Immigration: The Two Faces of the Republican Party

“Do Republican Party officials believe Latino immigrants are coming to “replace” Americans, or do they think Latinos are the party’s future? The answer affects whether there will be a legislative solution for young people brought to America by their parents.”

They Need the Latinos

With this introduction to his analysis in Forbes magazine, Stuart Anderson, executive director of the National Foundation for American Politics, explains the dilemma that the Republican Party is going through with regard to the Latino community in general and the undocumented in particular.
What was Lincoln’s party and is now Donald Trump’s private party is split in two. Not in two equal parts, since the absolute majority trails behind Trump. He is broken. Politically, it became a far-right militant organization with a fascist wing.
But the party has a second concern; it also uses the economic crisis and the difficulties that Joe Biden’s national leadership is going through to win the national elections in November 2022 and then the presidential elections in two years. For that he needs the Latino vote. .
Republicans are aware that in 2020 a turn of Latino voters towards Donald Trump began. Not only in Miami, not only in the Cuban-American community as it has traditionally been, but in others and even in towns on the border with Mexico.
More than ever, Republicans are hoping to get enough Latino votes to win their respective races.
This is what the Republican Party is doing: seeking the Latino vote while sharpening the knives to launch an anti-immigrant offensive in 2023.
This is reflected in the pages of the New York Times, which headlined the article by its immigration correspondent Jennifer Medina: “Pushing an immigration conspiracy theory, while courting Latinos” when referring to the Republican party.

The Replacement Theory

In August 2017, a mob of neo-Nazis marched through the streets of Charlottesville, Virginia, chanting “Jews will not replace us.” Back then, almost all GOP spokesmen condemned hate speech.
Not anymore. Since then, the ideas of replacement, and anti-Semitism in general, have taken root in the party, gained legitimacy and spread dangerously in its ranks.
The elections on November 8 will tell us what proportion of the party has fallen to this level.
On the eve of the elections, the cycle of war mongering and generation of hatred, which gave Republicans so much success in past elections, is repeated. Thus, in recent weeks the television networks are bombarding the viewers with “echoes of messages from a decade ago, pointing to the encounters on the southern border, juxtaposing images of tattooed gang members with rival politicians.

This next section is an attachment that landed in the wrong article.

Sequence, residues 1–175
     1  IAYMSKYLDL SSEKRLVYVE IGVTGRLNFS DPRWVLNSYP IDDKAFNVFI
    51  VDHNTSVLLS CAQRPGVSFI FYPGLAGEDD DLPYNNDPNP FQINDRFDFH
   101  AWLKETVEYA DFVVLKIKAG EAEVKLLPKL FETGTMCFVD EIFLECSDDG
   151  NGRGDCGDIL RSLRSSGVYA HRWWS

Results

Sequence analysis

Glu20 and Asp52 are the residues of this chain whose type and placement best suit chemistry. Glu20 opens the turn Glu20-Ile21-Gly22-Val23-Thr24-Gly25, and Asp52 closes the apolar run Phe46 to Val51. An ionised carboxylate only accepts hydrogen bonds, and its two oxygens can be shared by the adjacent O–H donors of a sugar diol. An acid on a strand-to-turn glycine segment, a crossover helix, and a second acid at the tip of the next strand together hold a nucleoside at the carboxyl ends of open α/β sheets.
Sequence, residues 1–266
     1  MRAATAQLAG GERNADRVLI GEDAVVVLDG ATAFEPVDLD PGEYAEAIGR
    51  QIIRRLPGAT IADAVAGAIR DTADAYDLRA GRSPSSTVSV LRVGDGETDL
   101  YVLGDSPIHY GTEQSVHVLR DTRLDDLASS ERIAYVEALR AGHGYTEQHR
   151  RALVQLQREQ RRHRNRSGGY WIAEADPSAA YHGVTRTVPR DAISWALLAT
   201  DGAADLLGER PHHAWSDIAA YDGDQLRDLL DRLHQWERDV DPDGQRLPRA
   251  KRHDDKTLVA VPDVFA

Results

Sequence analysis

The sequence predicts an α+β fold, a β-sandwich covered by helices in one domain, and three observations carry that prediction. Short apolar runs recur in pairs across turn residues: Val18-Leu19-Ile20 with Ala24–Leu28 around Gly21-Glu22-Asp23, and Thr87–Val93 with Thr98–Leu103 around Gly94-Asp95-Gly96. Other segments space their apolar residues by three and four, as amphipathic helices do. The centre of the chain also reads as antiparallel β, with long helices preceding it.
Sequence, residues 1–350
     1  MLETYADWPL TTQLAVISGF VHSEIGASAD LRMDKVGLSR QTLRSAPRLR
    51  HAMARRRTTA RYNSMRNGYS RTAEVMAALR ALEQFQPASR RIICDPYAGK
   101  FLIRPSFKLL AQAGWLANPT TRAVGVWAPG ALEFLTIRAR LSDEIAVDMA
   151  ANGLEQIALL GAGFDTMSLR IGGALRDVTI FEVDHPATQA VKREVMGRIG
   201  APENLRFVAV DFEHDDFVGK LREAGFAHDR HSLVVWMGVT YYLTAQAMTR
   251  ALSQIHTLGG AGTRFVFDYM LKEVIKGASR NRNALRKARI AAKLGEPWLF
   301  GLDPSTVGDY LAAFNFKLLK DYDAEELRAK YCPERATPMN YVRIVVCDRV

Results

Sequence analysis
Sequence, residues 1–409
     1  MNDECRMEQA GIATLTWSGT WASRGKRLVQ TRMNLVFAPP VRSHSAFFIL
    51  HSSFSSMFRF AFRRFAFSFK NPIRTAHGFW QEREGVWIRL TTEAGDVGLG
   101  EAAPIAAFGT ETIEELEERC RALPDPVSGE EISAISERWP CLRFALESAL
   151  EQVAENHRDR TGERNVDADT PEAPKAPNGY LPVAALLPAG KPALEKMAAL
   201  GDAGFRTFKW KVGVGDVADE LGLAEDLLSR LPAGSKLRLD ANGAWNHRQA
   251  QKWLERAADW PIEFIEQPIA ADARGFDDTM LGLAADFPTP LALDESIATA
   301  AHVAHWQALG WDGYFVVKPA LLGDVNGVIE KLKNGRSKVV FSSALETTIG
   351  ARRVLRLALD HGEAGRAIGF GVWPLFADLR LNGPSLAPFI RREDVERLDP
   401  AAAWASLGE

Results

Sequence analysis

“Republican lawmakers claiming immigrants are part of a “great replacement” of White voters has been in the news for months,” writes Anderson.

The Keys of Hate

“The Great Replacement” is part of the global “white genocide” conspiracy theory, which was adopted by American neo-Nazis and adapted to the conditions of the country. It claims that the Democratic government, controlled by Jews and supported by mainstream media, is carrying out a policy designed to replace whites in power.
To achieve this, they promote legal or illegal immigration of Latinos, Arabs and Orientals, as well as advance mixed marriages, guarantee rights and influence to African-Americans, grant citizenship to the undocumented so they can vote against whites, legalize abortion to reduce the white population, and promote the use of methods to reduce the birth rate in this community.

The ultimate goal, acording to this propaganda, would be: to eliminate the white population.

This lunatic idea is even more widely accepted in parts of Europe and is the official position of the Viktor Orban government in Hungary.

Application in the United States

The accusations also give an idea of what would be the measures that a government led by Trump and supporters of the theory would adopt, in the same way that their accusations of electoral fraud are only justifications for the fraud that they will undertake (or try to undertake) in just a few days.

“Rep. Elise Stefanik (R-NY), the No. 3 House Republican, and other Republican lawmakers have come under scrutiny … for previously echoing the racist ‘great replacement’ theory…” says the Washington Post.

Another extremist spokesman has been Senator Ron Johnson of Wisconsin, who in a recent debate said, “First of all, I wish President Biden was more concerned with defending every inch of American territory against invasion at our southern border.”
And of course, the movement’s champion, Georgia Congresswoman Marjorie Taylor Greene, whose public addresses frequently touch on the theme: “Biden’s five million illegal immigrants are about to replace you. Replacement of your jobs. And replace your children in school. Coming from all over the world, they are also replacing your culture.”